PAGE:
I was interviewed recently, by Rowena Gander from Pole Purpose, and one of the questions she asked was about the psychological benefits of creation and dance. I answered,
There is an old saying, “if I knew how to say it, I wouldn’t have to dance it”. I think this relates to many art forms. Because dance is so linked to music, the creative process also allows the dancer say something about the intention of the music, enhancing or adding another dimension to their own personal story. All this leads to a better understanding of emotions, feelings, and the self.
Many pole dancers have come to the practice for it’s cathartic and healing properties. The history of dance itself has roots in movement therapy and the flushing of energy. Even if you want to stay in the realms of science, you cannot disagree that dancing and exercise release endorphins that make you happy!
Sometimes it feels like there is a place you go when you dance. Somewhere outside of yourself, or maybe deep within, where all your problems cease to exist. Dancers refer to this place as “in the zone” or “in the moment”, and it can often feel like you have let go, giving away control to some other force. Your brain no longer leading your body, you simply surrender to the flow of energy.
In a contemporary dance class the other day, our instructor was describing the quality of movement. As well as relating each movement to the breath, he didn’t just want us to raise our arms with the inhale, but to reach, to extend, to “brush our fingers against the sky”. To extend beyond the boundaries of ourselves.
The vertical nature of pole dance, does allow us to be bigger than ourselves, in a very literal sense. We can climb high on the stage and embody a space of flight, defying gravity. The pole can be an extension of our body, but we should also think about the quality of our movements being larger than that.
This way of thinking adds a deliberateness to the movements. You can’t rush in that space, each articulation and gesture is a big as the next, and needs to reach that completeness before the next one can begin. Working with slow movements, will allow you to focus on this technique before bringing them to a faster tempo.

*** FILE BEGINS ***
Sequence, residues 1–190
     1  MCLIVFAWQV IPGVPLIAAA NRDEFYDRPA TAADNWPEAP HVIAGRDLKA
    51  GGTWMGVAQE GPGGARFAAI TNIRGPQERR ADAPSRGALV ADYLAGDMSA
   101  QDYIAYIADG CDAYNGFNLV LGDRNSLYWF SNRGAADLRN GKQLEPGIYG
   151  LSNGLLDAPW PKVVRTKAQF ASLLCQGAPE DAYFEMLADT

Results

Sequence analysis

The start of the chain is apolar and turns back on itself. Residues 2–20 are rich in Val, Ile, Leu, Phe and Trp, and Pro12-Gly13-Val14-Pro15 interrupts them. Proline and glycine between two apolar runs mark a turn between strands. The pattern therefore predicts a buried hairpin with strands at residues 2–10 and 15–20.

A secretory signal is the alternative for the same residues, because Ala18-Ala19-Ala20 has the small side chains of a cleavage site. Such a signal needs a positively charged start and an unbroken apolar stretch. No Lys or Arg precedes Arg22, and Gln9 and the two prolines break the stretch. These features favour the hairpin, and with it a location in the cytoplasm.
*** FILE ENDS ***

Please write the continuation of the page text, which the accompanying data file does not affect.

Physical movements aside, this idea of “brushing your fingers against the sky” also relates to the psychological process of dance allowing us to reach outside of ourselves.
Perhaps this is part of the reason why dance is such a liberating practice. Confronting, but liberating. In many people’s lives they may feel they have to hide inside, shroud their true selves, as obligations and responsibilities get in the way of their own personal journey. I see women all the time come to pole dance classes and even just walking into the studio is a huge breakthrough in prioritising time for themselves.
Pole dance is also a practice of breaking down negative thinking about what you can and cannot do. The confident glow from learning how to invert, shoulder mount, or even an ayesha can last for weeks, boosting your mood and enthusiasm for other aspects of your life.
Take these thoughts with you next time you begin to dance, or when you are thinking about choreography. At the least you will come up with some creative flow, but more likely you’ll find a place where the dance begins, a space that is as big as the sky.